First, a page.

Observation of classroom practice is also important to staff development. Observation should always include reflective follow-up meetings. Although it is important for leadership to observe formal lessons (particularly with toddlers and preschoolers), observations may also include other daily activities in which instructional staff teach and reinforce skills (such as transition times, outdoor activities, lunch activities). In any case, follow-up meetings should allow instructional staff members to share how an activity went, identify their own strengths and areas of growth, and discuss ways to improve based on feedback from the observer.
By visiting classrooms to assess and observe how your instructional staff are using data to inform instruction, you will be able to gauge what level of assistance each instructional staff member needs. A first step might be to observe instructional staff as they conduct various assessment activities (informal observations, evaluating developmental milestones, reviewing family questionnaires) and as they work with children in large and small groups. In your follow-up meetings, you can ask instructional staff to describe ways they used assessment to plan instruction, and you can collaboratively discuss successes and challenges they encountered.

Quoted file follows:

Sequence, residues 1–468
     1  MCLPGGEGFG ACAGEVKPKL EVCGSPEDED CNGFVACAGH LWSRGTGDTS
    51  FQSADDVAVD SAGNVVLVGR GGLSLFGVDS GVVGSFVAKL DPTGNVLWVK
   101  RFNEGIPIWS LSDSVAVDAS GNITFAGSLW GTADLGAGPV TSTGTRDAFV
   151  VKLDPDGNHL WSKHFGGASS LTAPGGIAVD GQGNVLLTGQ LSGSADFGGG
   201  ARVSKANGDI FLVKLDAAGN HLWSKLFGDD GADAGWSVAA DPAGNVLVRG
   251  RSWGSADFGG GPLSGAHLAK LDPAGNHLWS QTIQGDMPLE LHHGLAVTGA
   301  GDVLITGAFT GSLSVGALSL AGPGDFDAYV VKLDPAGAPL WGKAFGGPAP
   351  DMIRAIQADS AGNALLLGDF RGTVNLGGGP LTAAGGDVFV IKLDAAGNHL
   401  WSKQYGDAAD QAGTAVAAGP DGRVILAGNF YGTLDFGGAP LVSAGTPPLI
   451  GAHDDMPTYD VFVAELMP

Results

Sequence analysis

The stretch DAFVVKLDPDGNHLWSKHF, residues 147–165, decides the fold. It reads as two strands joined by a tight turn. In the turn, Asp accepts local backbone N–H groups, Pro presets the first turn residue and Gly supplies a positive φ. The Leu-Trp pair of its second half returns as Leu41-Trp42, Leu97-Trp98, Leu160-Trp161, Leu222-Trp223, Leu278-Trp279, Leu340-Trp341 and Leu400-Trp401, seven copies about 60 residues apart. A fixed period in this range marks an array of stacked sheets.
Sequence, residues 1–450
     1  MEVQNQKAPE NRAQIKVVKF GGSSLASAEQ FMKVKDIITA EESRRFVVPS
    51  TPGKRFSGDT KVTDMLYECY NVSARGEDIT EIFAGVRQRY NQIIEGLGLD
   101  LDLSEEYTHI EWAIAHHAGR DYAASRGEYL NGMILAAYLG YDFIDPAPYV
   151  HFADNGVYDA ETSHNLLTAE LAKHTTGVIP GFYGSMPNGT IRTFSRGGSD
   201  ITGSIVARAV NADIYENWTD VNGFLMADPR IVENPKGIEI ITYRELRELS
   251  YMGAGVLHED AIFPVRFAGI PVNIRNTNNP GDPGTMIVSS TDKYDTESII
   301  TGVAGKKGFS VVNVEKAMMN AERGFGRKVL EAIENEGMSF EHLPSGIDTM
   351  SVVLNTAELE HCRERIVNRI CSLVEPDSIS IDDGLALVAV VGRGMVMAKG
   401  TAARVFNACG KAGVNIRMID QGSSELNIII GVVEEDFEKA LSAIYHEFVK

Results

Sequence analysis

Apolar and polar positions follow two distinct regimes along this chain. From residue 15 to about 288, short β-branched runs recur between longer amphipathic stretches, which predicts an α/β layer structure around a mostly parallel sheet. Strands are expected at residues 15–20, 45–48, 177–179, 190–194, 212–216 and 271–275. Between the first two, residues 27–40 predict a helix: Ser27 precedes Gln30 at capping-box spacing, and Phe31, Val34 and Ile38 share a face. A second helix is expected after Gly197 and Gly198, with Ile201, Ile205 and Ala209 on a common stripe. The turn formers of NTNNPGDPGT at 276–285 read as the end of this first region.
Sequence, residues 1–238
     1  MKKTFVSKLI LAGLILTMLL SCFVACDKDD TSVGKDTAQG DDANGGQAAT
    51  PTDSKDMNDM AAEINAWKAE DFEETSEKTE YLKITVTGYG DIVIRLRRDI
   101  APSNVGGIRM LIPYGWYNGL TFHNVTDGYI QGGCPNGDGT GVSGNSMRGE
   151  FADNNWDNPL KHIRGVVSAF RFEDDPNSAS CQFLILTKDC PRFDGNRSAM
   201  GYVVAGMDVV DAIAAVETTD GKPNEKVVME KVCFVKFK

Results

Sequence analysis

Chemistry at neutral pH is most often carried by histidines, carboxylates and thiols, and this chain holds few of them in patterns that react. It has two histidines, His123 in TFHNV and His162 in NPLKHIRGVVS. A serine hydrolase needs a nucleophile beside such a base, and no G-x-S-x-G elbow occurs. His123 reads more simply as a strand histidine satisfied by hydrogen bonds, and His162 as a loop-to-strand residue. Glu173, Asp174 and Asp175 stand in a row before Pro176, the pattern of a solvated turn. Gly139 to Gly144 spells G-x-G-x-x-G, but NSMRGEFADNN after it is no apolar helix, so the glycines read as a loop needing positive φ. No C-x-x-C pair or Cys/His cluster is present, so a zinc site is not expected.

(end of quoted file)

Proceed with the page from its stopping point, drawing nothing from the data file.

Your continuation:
You and your team might also review lesson plans with instructional staff and focus on how data is used to guide instruction. Then during classroom observations, you and your team might look for activities that target the individual skills and growth needed, such as writing activities or small-group lessons focused on a specific pre-literacy objective. During classroom observations, you and your team can evaluate how the instructional staff used the data to plan daily activities, implement the curriculum, set objectives, conduct lessons, and document children's growth. These visits will provide topics of discussion for your reflective follow-up meetings. They will also help you and the instructional staff set collaborative goals related to improved learning opportunities and lessons. Ensure that instructional staff can explain how the activity they have chosen is connected to their goals and why they chose it for that specific skill.